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Melissa
Canton, MI
1860 Italianate - Reuben Huston Home
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S Melissa
 
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Re: My new project!

Postby kec01 on Thu Apr 17, 2008 9:45 pm

Yeah, right....it's your last house move, Melissa!!! I absolutely commend Canton for preserving the buildings that you've saved. I'm originally from Royal Oak and love to see this happening.

Kitty
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Re: My new project!

Postby S Melissa on Thu Apr 17, 2008 9:47 pm

And finally, here are some pictures of the Cherry HIll Village. Cherry Hill got its name when Abner Hitchcock built the inn - because of the wild cherry trees that covered the area. Originally the area was known as "The Ridge" as we reside on the banks of an ancient ice-age lake - Lake Whittlesey. We live on the only sand in Wayne County. In the spring, when the creek floods, we find bi-valve clams and other lake dwellers that crop up from the erosion.

As Canton has grown, we are mostly a typical beige McMansion suburb - and that's OK - but as development made its' way towards CH - we figured we had to do something. So we had the village - it was just a hamlet really - a few small buildings - most of them pretty unremarkable - as historic. Armed with this, we were able to create an overlay zoning district over the area that required a certain building architecture, introduced commercial (in Canton commercial is restricted to a main N/S road some 2 miles East of here); at the same time Canton was considering getting into advocation for the arts - by building a theater. We got Canton to build the theater in the heart of CHV as a catalyst to attract people to the new "small town" area, and to make CH the epicenter of history, culture and the arts. Unfortunatly, the economy in Michigan came along and really kicked us in the slats, but we have a good start, and when things get better - this area will really take off. so here's the tour.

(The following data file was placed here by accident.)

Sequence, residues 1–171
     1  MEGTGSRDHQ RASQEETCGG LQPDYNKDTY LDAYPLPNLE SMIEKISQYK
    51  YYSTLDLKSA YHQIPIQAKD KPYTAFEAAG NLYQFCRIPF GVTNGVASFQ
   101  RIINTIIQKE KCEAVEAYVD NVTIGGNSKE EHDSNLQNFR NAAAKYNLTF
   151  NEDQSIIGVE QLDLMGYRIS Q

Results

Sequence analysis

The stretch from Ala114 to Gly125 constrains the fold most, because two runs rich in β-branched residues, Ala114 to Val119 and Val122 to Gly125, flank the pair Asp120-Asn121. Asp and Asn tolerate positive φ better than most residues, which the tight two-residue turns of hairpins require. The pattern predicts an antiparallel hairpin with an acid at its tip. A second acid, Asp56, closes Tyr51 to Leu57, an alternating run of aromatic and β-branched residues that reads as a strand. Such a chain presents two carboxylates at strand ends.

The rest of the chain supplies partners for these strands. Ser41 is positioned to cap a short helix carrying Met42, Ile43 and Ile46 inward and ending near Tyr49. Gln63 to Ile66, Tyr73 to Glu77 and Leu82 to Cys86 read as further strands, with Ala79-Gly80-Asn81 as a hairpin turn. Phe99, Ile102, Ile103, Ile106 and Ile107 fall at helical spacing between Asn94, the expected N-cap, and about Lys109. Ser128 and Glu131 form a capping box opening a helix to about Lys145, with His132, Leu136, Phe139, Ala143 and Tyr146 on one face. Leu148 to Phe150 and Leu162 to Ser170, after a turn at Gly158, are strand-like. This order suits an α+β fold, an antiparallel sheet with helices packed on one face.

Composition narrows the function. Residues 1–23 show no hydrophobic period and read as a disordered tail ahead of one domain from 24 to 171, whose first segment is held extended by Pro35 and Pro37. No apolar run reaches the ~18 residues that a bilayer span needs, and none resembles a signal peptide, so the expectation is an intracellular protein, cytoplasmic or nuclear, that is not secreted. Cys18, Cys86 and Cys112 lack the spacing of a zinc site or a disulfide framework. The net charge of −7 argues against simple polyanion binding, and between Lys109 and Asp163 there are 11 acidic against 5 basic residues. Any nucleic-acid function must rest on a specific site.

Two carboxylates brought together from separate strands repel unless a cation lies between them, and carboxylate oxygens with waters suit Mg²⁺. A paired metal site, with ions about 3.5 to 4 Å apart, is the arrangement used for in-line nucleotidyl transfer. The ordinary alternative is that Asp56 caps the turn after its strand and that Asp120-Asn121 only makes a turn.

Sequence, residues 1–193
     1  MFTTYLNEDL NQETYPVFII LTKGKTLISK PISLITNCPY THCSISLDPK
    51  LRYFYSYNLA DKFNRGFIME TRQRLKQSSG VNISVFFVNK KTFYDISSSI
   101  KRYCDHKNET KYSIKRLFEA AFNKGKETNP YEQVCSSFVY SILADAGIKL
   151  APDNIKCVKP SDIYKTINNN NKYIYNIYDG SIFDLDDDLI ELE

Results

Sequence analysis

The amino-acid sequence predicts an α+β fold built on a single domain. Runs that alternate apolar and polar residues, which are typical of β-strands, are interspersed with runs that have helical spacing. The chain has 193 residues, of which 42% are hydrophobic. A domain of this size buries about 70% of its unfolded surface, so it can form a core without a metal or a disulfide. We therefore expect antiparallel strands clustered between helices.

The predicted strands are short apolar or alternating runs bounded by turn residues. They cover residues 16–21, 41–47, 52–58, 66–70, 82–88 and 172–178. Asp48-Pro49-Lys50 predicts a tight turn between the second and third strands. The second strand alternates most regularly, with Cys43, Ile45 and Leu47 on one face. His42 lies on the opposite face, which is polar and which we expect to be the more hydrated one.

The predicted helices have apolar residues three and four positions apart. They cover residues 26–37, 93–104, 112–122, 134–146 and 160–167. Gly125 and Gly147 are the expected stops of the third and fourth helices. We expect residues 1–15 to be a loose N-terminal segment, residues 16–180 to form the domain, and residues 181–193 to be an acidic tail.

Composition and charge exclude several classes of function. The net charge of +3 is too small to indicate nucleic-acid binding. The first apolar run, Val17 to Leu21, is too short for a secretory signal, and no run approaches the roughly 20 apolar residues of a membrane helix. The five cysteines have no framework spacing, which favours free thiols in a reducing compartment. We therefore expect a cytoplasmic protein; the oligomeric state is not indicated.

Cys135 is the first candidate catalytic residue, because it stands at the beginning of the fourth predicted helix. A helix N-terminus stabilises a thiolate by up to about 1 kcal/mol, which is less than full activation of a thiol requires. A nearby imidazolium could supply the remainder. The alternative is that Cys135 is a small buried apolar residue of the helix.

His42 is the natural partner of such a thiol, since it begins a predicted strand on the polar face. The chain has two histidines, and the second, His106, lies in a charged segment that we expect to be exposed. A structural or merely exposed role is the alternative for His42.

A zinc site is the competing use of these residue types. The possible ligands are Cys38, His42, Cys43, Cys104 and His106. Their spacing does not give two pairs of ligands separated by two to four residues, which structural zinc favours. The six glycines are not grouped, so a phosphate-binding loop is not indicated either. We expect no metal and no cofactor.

This is the theater. It was built with "liner" buildings - which saved us money on additional exterior materials. The theater is embued with rich velvets, a huge mural in the lobby done by a local artist; an art gallery that surrounds the theater in the inner lobby area for display of various media arts; and the stage with about 400 seats - great acoustics, and no bad seats - we bum tested them to make sure they fit the fannies of the slightly lumpy middle class in Michigan! Every one loves this place. Of 365 days - lights are on about 360 with some sort of activity/classes/tours/meetings/performances.
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Liner buildings on the North side of the Theater:
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buildings on the East side of the Theater - these have commercial on the main floor, and apartments above. The apartments are about 75% filled.
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This is the Human Services Building the township built behind the Cherry Hill School. This building supports various service groups - the Foundation; Growth Works, Senior Alliance etc. The idea was to combine the housing and support services/meeting rooms/secretarial/office equipment etc in one building to have an efficiency of space and cost. We tried to create buildings that progressed in time - not make replicas of the Italianate buildings in the area, but to head towards the 1920's with some of the architecture - creating a time line if you will, and having architecture that gave the sense of history but was modern in nature as well.

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Here's a shot looking across the street to the CH school, to the Human Svs Center - the theater is across the street from the CH school - to the right in this picture

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And finally, here are some of the houses in CHV - we worked long and hard to develop an architectural plan for the whole village - narrow streets, alleys, houses with shallow set backs, wide porches, clapboard siding(hardi plank); variety of size, style, lifestyle - we have homes from the low $200's to the $900K in this area. We have granny flats in many of the houses. We have families of all kinds living here - young, single, middle aged with kids; middle aged with kids and parents; seniors etc. It's great.